Errors and Exceptions

— Alex Reinhart and Christopher Genovese

Your code will frequently need to handle errors – either caused by a user passing the wrong input or your code hitting an exceptional case.

  • Another function passes the wrong kind of data to your function
  • Algorithm fails to converge
  • Couldn’t open the data file
  • Couldn’t connect to the SQL database
  • Network connection failed
  • …etc.

I’ve seen a lot of code like this:

def read_data_file(filename, max_rows, format_args):
  if not os.path.isfile(filename):
    return "File not found"

  f = open(filename, "r")

  # do stuff...

Or:

crowded_cows <- function(cows, K) {
    if (K > length(cows) || K < 1) {
        cat("K is out of range")
        return
    }

    # do stuff...

    if (there is no crowded cow) {
        cat("No crowded cows")
        return
    }
}

When you’re working interactively in the REPL, manually calling functions to do things, this isn’t a big deal. You can read the message and decide what to do.

But when you’re writing a large project with many functions, all calling each other to do some complicated analysis, you shouldn’t need to handle every error manually. Sometimes code needs to be able to detect errors and decide what to do about them. How is a function calling the above crowded_cows supposed to detect which error has occurred?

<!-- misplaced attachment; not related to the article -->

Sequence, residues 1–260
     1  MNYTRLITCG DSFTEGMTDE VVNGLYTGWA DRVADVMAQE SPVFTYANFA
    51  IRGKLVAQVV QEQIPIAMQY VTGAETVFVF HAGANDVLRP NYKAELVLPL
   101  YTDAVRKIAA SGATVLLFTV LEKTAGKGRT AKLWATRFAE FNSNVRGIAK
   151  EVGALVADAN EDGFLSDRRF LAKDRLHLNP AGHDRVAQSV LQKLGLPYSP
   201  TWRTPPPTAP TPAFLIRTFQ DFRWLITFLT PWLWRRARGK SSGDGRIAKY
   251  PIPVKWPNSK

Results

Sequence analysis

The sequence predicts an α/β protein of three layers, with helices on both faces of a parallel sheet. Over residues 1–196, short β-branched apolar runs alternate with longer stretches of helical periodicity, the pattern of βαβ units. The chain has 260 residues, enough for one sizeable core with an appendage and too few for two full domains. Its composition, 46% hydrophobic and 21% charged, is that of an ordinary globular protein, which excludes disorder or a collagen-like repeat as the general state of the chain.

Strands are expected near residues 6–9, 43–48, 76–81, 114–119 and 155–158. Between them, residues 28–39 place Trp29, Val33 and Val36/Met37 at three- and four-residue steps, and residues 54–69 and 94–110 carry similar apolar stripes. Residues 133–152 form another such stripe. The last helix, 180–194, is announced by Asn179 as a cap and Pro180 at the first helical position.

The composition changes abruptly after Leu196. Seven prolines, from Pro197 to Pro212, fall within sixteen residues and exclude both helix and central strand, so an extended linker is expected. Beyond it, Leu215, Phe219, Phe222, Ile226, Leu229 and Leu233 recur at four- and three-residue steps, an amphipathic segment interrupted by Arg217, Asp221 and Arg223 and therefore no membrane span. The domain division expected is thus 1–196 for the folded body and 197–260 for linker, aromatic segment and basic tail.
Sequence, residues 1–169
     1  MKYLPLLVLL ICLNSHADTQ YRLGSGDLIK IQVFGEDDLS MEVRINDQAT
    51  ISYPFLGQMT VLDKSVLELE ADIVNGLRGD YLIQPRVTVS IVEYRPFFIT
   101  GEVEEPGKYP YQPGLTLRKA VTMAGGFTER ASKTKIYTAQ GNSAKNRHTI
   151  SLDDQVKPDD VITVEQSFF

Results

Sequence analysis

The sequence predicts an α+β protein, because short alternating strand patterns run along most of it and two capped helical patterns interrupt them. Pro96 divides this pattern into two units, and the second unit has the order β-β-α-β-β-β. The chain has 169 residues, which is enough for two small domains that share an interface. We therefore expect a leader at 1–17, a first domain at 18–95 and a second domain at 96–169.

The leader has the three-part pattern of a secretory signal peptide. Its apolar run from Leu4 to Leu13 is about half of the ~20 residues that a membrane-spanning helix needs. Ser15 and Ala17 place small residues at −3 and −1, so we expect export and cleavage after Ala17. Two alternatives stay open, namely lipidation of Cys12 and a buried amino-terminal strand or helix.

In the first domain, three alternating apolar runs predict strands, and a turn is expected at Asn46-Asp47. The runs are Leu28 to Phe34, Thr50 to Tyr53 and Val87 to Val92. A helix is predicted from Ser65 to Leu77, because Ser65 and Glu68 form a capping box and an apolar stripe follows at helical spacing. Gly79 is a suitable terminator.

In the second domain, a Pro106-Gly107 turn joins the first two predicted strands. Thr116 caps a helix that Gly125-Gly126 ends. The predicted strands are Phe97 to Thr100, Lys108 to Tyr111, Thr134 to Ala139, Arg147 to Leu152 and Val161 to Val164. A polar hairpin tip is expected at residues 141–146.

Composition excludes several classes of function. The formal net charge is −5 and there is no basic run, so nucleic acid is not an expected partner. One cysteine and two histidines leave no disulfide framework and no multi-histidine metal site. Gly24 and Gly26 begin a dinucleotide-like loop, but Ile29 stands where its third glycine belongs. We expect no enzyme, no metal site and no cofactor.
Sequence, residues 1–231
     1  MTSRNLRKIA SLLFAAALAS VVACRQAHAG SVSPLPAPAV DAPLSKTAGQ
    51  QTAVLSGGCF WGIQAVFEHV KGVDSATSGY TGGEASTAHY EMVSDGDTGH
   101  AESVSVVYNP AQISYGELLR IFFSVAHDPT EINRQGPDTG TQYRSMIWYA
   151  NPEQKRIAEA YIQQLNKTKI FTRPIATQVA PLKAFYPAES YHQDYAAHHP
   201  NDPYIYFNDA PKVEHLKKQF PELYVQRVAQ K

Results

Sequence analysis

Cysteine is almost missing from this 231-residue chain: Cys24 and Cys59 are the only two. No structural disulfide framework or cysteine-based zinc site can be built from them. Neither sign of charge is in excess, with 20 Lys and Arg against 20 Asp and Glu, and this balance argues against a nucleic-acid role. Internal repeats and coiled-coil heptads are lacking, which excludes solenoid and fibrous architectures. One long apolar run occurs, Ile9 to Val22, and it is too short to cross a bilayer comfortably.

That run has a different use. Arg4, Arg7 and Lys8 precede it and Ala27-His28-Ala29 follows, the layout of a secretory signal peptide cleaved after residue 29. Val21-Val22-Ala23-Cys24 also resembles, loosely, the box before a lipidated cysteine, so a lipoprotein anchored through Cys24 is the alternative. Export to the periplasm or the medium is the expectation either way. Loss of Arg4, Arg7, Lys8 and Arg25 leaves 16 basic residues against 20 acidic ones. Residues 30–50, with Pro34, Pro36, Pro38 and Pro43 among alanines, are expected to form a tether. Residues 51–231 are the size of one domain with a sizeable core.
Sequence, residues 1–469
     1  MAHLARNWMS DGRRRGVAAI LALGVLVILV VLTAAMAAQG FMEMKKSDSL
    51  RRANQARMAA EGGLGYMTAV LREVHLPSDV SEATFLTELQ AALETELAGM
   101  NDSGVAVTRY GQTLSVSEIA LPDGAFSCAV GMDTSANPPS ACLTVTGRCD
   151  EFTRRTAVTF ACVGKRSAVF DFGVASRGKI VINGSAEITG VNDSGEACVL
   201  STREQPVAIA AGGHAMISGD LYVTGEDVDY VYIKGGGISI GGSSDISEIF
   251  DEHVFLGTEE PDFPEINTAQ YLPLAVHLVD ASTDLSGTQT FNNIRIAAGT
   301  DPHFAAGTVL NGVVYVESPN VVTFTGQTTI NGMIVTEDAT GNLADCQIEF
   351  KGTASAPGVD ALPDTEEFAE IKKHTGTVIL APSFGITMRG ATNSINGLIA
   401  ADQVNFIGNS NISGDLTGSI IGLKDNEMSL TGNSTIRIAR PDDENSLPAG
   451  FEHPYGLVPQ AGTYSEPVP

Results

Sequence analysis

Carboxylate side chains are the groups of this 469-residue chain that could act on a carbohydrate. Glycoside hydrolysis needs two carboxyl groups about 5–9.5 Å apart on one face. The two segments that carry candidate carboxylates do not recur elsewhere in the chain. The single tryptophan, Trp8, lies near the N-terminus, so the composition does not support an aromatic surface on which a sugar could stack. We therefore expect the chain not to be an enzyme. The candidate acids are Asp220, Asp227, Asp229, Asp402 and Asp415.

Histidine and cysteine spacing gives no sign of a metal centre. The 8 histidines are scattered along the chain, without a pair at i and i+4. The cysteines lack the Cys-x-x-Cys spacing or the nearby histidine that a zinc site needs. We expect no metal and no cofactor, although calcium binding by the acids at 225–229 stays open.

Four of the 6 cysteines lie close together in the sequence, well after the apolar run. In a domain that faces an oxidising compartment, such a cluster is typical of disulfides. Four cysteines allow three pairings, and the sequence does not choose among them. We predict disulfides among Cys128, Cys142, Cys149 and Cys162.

Errors are part of the logic of the program, and we should be able to write code which handles errors and does specific things to handle them.

If we simply return a special value on errors, or just print a message, it’s very easy to accidentally ignore an error or, worse, use the return value as though it were a real value. And there’s no flexibility: If sometimes you want to log a message and sometimes you want execution to stop entirely, you have to code that logic into every function.

How can we reliably indicate error conditions and write code to deal with them?

Errors versus assertions #

Earlier we discussed using assertions to make claims about facts in your code, and to program defensively. But when would I use an assertion and when would I use an error? What’s the semantic difference?

Errors are for unexpected conditions that could be handled by the calling code, which may want to perform some action to work around the error, fix it, or report it to the user.

An assertion indicates something that must be true if the program is functioning correctly. If an assertion is false, there’s nothing to handle or recover from: the code is wrong and must be fixed. Assertions are sanity checks that things are working as expected.

To give a real-life example, suppose someone gives you directions to drive to their house. (Actual directions, not just Google Maps live instructions.) An error occurs when you can’t recognize where you are and don’t know what to do next. Your mental directions-following algorithm can recover from this error: maybe go back and retrace your steps, or call your friend, or check Google Maps to see where you are. This is a recoverable error.